November 15, 2010 |
Although Americans plan to travel for leisure a bit more next year than this year, vacationers may have a hard time leaving work behind. In 2011, Americans will travel more often and spend more but will also stay connected with work more than ever, thanks to advances in mobile phones and the Internet, according to a survey of more than 3,000 U.S. travelers. In the survey by the travel website TripAdvisor, nearly 80% of respondents said they planned to spend more or about the same for travel in 2011 than in 2010.
October 31, 2000
* The leaders of the pilots union at AMR Corp.'s American Airlines said they will resign, a month after members rejected a contract extension that would have forgiven a $45.5-million judgment against the union. President Rich LaVoy, Vice President Brian Mayhew and Secretary-Treasurer Bob Morgan said they would resign once interim officers are appointed, the Allied Pilots Assn. said on its Web site.
CALIFORNIA | LOCAL
October 9, 1997 |
Adding fuel to the contentious El Toro airport debate, another airline pilots union has raised concerns about the safety of takeoffs from a runway the county has designated for the majority of departures. The Allied Pilots Assn., representing 9,000 American Airlines pilots, stated its opposition to using the runway in a letter dated Tuesday to Supervisor William G. Steiner, chairman of the County Board of Supervisors.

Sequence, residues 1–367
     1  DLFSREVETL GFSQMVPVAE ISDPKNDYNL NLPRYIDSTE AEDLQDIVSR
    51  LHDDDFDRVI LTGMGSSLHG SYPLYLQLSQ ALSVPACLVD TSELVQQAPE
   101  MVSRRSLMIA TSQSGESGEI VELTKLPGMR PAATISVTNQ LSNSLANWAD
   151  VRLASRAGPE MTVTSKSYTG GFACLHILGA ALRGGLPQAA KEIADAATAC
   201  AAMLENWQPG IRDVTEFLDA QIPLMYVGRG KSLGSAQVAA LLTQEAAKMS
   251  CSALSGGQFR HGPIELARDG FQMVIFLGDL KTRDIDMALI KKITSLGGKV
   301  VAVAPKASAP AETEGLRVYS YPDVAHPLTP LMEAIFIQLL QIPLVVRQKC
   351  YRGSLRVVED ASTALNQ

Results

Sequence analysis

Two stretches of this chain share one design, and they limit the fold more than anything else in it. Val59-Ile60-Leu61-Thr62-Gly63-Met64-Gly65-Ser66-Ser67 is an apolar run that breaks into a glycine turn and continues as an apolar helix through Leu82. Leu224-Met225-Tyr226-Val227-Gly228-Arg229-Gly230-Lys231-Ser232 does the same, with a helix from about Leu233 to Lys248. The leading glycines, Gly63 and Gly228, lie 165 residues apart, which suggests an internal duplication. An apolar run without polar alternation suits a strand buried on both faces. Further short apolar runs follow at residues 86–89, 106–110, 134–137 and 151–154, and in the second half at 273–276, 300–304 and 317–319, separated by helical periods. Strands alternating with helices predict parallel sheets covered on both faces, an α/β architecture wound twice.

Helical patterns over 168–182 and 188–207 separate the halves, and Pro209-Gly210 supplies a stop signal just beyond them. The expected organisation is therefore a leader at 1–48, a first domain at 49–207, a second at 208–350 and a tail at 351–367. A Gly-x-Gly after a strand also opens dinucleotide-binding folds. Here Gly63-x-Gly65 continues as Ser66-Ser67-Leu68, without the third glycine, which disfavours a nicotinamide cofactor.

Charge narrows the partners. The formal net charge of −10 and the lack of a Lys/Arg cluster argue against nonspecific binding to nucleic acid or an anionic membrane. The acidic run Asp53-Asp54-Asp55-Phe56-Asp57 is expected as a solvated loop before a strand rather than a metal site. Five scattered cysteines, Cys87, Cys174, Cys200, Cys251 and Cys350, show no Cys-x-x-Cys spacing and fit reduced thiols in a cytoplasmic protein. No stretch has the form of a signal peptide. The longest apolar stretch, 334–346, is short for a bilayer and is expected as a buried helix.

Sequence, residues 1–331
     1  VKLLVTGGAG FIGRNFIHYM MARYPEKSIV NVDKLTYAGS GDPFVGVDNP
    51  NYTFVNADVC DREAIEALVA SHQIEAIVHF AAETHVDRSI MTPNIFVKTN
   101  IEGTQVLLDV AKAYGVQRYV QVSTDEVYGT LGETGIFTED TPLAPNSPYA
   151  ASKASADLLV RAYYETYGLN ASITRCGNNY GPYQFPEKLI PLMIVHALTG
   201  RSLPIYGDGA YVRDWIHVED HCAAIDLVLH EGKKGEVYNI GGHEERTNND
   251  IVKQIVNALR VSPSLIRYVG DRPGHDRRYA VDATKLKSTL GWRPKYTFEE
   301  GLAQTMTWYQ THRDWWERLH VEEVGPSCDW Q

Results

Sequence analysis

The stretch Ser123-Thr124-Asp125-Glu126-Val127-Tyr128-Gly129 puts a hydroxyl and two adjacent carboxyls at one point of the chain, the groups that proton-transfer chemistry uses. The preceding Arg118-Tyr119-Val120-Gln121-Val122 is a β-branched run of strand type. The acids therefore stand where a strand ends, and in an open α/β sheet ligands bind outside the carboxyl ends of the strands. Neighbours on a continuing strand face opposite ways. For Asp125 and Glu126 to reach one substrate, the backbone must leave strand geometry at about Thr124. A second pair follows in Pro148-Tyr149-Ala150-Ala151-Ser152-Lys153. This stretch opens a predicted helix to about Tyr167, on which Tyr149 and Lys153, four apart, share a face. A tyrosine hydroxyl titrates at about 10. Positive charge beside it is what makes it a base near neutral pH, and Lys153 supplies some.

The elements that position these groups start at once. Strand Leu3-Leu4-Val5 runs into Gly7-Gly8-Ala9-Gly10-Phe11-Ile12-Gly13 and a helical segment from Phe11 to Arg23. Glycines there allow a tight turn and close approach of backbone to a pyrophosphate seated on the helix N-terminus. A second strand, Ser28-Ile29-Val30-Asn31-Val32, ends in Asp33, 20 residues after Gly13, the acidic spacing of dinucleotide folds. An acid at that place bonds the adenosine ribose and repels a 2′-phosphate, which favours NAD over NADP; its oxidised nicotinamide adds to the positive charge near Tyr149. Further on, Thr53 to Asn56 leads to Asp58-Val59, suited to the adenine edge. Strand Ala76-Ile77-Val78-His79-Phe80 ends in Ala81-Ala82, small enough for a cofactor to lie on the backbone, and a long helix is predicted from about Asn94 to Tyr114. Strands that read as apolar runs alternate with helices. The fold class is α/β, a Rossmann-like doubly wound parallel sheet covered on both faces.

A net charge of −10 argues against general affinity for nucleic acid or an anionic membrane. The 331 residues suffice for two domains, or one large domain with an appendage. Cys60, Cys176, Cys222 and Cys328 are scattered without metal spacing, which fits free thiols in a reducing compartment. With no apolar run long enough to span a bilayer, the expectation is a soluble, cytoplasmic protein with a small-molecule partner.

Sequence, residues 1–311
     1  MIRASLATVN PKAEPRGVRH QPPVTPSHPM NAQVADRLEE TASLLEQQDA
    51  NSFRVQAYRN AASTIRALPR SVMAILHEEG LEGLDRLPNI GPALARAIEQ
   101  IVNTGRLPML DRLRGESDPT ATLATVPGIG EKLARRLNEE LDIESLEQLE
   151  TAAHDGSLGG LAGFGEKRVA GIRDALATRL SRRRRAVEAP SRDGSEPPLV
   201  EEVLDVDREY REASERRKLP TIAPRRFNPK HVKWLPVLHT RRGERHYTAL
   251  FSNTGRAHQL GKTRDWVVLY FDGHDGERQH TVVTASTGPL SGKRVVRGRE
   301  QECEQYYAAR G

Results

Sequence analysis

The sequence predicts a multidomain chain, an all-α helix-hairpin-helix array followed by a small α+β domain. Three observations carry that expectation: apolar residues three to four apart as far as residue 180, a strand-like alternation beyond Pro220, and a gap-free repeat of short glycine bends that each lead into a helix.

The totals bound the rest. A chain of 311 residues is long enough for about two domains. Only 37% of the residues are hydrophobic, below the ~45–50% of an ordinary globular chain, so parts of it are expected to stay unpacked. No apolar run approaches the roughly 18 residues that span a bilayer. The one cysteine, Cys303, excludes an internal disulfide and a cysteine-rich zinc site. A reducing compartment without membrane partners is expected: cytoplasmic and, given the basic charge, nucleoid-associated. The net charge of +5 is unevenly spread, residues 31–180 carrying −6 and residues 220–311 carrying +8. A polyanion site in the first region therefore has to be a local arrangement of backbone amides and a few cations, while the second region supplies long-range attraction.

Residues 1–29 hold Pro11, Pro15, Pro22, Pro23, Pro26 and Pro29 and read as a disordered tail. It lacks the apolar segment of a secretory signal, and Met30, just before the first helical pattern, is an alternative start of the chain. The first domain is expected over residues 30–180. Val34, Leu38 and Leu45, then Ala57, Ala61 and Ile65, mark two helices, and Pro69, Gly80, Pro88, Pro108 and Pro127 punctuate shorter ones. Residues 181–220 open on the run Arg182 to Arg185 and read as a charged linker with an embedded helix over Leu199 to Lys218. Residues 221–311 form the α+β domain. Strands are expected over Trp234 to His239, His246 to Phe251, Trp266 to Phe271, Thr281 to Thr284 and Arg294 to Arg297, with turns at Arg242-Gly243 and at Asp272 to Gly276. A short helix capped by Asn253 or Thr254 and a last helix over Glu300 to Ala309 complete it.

March 6, 1997 |
American Airlines Chairman Robert Crandall said Wednesday that he does not see how a compromise can be reached on a critical contract issue with the Allied Pilots Assn., which will be free to strike the airline in mid-April at the end of a government-ordered cooling-off period.
August 1, 1995 |
Pilots Union Postpones Contract Offer: The Allied Pilots Assn. will not submit its settlement proposal to AMR Corp. today as scheduled, union President Jim Sovich said in a recorded message to members. The union's latest contract offer has been delayed indefinitely, he said. AMR, based in Ft. Worth, owns 25% of Canadian Airlines International Ltd.'s common stock.
CALIFORNIA | LOCAL
October 23, 1992
The editorial (Oct. 16) regarding the proposed British Airways/USAir deal told only part of the story. Primary to the objections of Delta, United and American Airlines is the lack of quid pro quo, or equal rights, to compete. The editorial suggests that freedom to fly within the United Kingdom might suffice for a fair deal for the U.S. carriers; however, nothing could be further from reality. The U.S. aviation market comprises fully 40% of the world's air traffic. There is no country in the world that can offer a commensurate value for "open skies," let alone the British.